I was asked many times in the recent past about the name of my blog. "Why my ikat love?" "What does Ikat mean?" So I gathered that there is a bit of confusion in some of my readers' minds regarding 'Ikat'. Well, not everyone knows the names of different fabrics and designs, especially men and I don't really blame them because India has a wide range of fabrics and textiles involving different weaving methods and dying techniques like Khadi, Muslin, Kota Doria, South Indian Silk, Bandhni and Ikat to name a few and knowing the fabrics well takes years of experience. I grew up seeing my mother, aunts and sisters wearing beautiful hand woven cotton and silk saris from different parts of our country. And when I started choosing my own clothes I always gravitated towards cotton and silk fabrics and unknowingly rejected the synthetic yarn variety. Ikat or 'Ikkat', as we call it in India has always been my favorite, be it fabric for my kurtas or the bedspread or the runner for my dining table. There is something in the pattern and color of Ikat that never fails to attract me. However, Ikat is not the only one, I am drawn towards Khadi, block prints, Kalamkari and Bandhni too but Ikat is that one love which I keep going back to. And it is that irresistible love for Ikat, one of the oldest forms of textile design which inspired me to start blogging.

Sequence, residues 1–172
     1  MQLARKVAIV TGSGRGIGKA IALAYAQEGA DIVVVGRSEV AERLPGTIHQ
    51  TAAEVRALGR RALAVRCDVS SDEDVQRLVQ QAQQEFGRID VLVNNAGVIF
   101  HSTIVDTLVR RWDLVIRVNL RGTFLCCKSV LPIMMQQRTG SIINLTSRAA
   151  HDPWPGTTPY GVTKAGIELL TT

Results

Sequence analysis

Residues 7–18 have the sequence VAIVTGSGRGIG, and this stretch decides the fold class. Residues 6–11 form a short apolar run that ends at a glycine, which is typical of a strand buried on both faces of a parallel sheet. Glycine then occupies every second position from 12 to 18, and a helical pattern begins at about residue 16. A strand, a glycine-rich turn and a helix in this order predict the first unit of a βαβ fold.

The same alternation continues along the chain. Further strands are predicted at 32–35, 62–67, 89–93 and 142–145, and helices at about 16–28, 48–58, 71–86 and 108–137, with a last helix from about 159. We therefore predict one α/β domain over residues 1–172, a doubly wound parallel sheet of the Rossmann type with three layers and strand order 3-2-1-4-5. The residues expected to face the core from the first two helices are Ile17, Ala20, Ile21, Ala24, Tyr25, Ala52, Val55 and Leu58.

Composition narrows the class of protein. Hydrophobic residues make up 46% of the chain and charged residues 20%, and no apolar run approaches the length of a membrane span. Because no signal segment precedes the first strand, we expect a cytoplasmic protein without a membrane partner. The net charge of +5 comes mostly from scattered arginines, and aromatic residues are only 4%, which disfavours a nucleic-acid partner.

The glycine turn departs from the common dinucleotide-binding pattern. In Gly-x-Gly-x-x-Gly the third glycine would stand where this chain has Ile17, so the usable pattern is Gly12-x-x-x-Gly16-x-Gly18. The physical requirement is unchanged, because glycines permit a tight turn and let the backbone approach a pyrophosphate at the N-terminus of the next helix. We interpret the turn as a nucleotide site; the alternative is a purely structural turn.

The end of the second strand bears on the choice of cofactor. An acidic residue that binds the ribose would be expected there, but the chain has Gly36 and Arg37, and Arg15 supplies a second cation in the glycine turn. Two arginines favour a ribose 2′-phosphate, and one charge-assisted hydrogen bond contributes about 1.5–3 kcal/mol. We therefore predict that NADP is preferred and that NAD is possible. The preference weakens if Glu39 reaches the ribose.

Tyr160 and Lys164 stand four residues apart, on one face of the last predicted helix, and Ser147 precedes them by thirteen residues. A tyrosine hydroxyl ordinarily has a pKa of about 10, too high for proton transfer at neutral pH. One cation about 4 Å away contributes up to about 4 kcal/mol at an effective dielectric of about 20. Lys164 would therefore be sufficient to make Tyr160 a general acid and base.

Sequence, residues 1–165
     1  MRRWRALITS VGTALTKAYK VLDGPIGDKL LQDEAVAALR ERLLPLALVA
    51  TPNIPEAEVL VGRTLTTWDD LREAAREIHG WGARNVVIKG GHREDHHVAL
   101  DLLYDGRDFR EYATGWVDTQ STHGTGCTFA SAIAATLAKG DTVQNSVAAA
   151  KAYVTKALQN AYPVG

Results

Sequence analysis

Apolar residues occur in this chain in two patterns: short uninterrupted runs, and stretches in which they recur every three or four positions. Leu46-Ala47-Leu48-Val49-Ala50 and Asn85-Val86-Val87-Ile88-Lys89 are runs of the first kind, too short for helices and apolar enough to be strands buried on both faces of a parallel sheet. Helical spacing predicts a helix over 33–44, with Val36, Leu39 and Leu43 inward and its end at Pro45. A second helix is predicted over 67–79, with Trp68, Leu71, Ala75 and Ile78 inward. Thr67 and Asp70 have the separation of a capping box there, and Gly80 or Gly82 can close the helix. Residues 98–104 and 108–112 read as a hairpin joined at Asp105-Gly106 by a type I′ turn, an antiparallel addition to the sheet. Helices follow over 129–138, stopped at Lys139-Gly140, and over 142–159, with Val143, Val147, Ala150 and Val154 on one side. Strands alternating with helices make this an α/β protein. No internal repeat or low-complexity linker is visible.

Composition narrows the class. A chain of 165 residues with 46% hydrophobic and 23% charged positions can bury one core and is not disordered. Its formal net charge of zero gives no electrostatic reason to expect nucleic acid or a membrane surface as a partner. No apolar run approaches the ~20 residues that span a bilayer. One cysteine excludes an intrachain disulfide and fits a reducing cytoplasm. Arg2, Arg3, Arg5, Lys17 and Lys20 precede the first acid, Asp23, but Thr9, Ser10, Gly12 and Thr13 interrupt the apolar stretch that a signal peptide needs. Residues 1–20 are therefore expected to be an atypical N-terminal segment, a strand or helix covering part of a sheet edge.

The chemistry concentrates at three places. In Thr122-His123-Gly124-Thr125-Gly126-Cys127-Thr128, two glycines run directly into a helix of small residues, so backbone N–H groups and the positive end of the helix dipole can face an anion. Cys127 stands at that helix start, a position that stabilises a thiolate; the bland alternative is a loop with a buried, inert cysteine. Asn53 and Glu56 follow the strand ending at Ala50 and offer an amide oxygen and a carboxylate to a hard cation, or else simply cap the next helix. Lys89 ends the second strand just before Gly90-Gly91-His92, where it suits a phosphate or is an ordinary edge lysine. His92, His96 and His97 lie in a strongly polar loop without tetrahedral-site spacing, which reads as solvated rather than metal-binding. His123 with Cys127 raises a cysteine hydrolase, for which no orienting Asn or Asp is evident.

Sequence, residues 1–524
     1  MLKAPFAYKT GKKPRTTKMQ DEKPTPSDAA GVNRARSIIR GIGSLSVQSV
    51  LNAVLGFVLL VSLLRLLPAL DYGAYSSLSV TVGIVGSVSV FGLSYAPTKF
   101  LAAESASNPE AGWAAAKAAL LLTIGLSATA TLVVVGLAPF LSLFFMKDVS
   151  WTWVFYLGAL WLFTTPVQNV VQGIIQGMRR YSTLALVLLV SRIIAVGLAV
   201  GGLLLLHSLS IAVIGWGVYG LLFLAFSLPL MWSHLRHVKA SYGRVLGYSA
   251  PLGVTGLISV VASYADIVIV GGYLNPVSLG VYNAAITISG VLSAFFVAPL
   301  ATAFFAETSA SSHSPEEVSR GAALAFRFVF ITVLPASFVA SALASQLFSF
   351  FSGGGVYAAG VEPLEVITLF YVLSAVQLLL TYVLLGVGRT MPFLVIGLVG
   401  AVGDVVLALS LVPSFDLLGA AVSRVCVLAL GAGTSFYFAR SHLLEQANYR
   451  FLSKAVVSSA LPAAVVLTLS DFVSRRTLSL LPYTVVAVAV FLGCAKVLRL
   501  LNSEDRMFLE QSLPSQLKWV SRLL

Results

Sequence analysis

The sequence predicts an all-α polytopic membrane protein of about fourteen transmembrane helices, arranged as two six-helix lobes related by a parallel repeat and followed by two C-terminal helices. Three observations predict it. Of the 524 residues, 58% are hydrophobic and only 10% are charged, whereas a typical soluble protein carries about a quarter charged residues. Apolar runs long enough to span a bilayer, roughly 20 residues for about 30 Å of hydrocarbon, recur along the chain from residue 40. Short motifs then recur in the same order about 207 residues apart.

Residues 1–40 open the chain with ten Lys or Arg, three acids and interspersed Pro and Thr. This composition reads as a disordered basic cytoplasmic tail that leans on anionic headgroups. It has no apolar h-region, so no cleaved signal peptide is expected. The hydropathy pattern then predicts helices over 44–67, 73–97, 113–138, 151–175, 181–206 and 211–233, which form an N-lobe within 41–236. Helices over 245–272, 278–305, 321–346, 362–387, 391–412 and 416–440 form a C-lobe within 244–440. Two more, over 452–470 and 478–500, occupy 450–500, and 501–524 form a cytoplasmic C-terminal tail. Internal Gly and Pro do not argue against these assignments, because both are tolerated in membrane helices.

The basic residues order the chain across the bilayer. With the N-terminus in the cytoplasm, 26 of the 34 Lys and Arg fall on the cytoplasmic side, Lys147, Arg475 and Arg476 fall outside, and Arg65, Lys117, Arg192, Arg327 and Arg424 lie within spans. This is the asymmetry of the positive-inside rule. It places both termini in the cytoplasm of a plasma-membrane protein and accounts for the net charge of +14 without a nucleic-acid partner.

The name 'Ikat' actually has its origin in the Indonesian language. Ikat is a dying technique of textiles. And the dying of patterns into the warp or the weft fibers applying resist dying process happens even before the weaving of the cloth unlike in traditional Bandhni where resist dying is applied to already woven fabrics.
|Tie & Dye Bandhni fabric|
In weaving terminology 'warp fibre' is the lengthwise yarn and the 'weft fibre' is the yarn that is inserted over and under the warp fibre to create a pattern in the textile. Usually in Ikat fabrics either the warp or the weft is dyed before weaving the cloth but in India we also have something called 'double Ikat' in which both warp and the weft are resist-dyed to create our very own magical Patola from Gujarat and Pochampally from Andhra Pradesh and Ikat cotton saris from Orissa.
|Patola from Gujarat, India|
|Pochampally Ikkat sari from Andhra Pradesh, India|
|Ikkat cotton sari from Orissa, India|
|Ikat from Uzbekistan|
|This fascinating Ikat table runner is from Laos.|
Images via: tradeindia.com; ctwiei.ning.com; galeritamingsari.blogspot.com; sarishop.com; indianetzone.com; ikatfabric.com; ajilbab.com; arastan.com; etsy.com;arastan.com.